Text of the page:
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Thread: Thicknessing by hand?

  1. #1

    Default Thicknessing by hand?

    I've hit a stop in my build because I can't seem to loosen the chipbreaker on my new plane. Does anyone know if I could thickness by hand using just sandpaper? Or does anyone have tips on stuck screws?

    Thanks in advance!
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  2. #2
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    what is the thickness now? and what thickness did you want it to be?

  3. #3
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    Petaluma, CA, USA
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    Traditionally, thicknessing is done with a cabinet scraper. I built my first 30 or 40 guitars this way. Much faster and more accurate than hand sanding. Either way, the key to success is to have as close to an absolutely flat surface as possible behind the work.
    Bruce
    (mojoluthier)

  4. #4
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    You'll be very hard pressed to thickness sand by hand to any degree of accuracy. Not to mention it would be a chore that you'd never want to do again.

    If you don't have access to a drum sander, then I'm with Bruce. Cabinet scraper is the way to go.

  5. #5
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    The stuck screw on the chipbreaker might loosen if you heat it a wee bit with a blowtorch or maybe a good soldering iron. Not too much natch.
    Building blog - http://www.argapa.blogspot.com
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  6. #6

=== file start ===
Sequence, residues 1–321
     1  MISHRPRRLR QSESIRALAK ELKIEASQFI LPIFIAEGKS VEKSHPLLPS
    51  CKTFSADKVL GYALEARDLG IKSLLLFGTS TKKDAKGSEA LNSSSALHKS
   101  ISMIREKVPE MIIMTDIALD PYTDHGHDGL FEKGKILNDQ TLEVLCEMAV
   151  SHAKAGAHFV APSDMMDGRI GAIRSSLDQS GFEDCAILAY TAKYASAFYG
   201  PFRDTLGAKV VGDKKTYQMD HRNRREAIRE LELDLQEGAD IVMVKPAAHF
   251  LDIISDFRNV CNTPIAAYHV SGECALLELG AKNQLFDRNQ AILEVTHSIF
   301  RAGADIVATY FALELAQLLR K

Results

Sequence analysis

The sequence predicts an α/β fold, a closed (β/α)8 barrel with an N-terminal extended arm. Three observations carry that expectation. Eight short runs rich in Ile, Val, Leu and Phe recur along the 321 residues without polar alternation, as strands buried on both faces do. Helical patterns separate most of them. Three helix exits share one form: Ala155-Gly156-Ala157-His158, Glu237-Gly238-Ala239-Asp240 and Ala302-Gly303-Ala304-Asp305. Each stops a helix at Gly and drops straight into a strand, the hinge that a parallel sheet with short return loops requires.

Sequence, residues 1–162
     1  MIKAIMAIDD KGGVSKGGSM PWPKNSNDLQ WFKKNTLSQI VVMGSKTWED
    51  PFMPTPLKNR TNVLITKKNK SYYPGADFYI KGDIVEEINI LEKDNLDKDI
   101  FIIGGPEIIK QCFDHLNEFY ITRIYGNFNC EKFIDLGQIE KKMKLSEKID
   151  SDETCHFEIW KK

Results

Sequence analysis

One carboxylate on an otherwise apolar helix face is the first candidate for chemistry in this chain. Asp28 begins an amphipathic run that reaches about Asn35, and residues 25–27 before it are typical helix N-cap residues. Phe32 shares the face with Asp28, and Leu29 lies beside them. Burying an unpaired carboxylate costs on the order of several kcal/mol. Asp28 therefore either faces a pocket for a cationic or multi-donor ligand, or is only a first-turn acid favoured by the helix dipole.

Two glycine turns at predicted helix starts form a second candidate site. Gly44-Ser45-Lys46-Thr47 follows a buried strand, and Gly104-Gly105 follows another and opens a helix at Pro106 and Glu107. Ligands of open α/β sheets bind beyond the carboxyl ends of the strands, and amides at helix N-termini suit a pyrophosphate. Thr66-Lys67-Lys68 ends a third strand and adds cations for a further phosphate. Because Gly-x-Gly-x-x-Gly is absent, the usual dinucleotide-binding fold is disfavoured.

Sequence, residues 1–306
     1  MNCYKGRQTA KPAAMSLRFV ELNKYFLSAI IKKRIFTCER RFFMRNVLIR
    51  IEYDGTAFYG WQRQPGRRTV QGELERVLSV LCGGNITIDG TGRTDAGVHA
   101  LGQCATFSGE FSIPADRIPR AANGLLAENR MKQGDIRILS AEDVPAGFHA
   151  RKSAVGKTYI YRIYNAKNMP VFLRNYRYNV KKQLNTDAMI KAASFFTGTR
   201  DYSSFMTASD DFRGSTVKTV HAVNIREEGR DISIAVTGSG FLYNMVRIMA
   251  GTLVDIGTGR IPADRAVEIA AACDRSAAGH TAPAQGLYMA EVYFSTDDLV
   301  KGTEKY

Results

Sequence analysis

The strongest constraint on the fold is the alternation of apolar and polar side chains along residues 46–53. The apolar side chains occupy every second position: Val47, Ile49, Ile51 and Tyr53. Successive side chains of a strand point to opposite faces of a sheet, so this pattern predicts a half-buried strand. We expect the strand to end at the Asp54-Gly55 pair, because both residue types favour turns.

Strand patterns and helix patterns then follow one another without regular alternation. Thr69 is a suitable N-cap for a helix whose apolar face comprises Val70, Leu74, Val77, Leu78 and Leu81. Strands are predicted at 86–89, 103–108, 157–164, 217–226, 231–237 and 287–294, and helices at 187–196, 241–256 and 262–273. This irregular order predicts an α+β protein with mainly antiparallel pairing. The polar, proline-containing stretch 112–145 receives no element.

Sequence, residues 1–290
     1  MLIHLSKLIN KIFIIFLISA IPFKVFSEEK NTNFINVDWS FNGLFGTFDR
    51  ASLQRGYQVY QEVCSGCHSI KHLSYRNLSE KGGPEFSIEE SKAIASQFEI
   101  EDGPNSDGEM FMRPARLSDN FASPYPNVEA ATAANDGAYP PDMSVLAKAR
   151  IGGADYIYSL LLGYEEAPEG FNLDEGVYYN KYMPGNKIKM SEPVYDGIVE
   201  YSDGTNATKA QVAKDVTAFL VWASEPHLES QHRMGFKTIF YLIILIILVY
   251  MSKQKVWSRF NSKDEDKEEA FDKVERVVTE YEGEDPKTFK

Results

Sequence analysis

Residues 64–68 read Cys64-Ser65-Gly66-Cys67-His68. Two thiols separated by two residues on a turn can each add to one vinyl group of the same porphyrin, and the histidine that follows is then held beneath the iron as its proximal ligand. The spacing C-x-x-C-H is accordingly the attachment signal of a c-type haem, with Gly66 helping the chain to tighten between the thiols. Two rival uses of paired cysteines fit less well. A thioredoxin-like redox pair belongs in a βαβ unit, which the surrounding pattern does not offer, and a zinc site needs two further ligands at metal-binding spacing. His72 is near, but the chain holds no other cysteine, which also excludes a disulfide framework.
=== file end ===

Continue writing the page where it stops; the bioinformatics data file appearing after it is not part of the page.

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    Canberra, Australia
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    Recipe for loosening rusted up parts.
    Step one -hit it with a hammer
    Step two -add a bit of lubricant. If you can do it under pressure into the stuck bit all the better. Even water will suffice but wd40 or similar is better.
    Step three hit it with a hammer again.
    Step four attempt to undo.
    If it does not work leave lubricant to soak in. Repeat.

    Heat stressing also works.
    You are basically trying to shatter the corrosion, which is brittle and wash the broken bits out.

  7. #7
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    I made a thickness sander following some ideas I think I got from Timbucks web page. I cheapskated on the bearings a bit, but it works fine and so far I have not even needed to change the sandpaper. I used the motor from an old power shower pump and have only had a handful of minor electric shocks so far ;-)
    Max

  8. #8
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    Jun 2014
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    Chico, Ca
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    Quote Originally Posted by orangeena View Post
    I made a thickness sander following some ideas I think I got from Timbucks web page. I cheapskated on the bearings a bit, but it works fine and so far I have not even needed to change the sandpaper. I used the motor from an old power shower pump and have only had a handful of minor electric shocks so far ;-)
    Max
    I also made a thickness sander after doing it by hand. It comes in handy for all kinds of stuff and is one of my favorite time saving machines. When I did it by hand I used a belt sander to get it from 1/4 to an 1/8. Then used a 2x3 squared up board that was about 10" long with a strip of 3" 80 grit glued to it and sanded it down on my bench with small cleats keeping it steady. Making pencil marks and taking them off over and over. I would not recommend this it was not very accurate and it just sucks. The cabinet scraper as mentioned a couple of times before would of been nice. Or another thing you can do is find a cabinet shop in your area and see if they can let you use their thickness sander or pay them to do it for you. Good luck

  9. #9
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    You need to get the plane working. A cabinet scraper is really only used for the last few tenths of a mm. I can't say that I've ever come across a chipbreaker screw that was stuck. They usually have huge screw slots, so mount the assembly in a vice and use a very big screwdriver.

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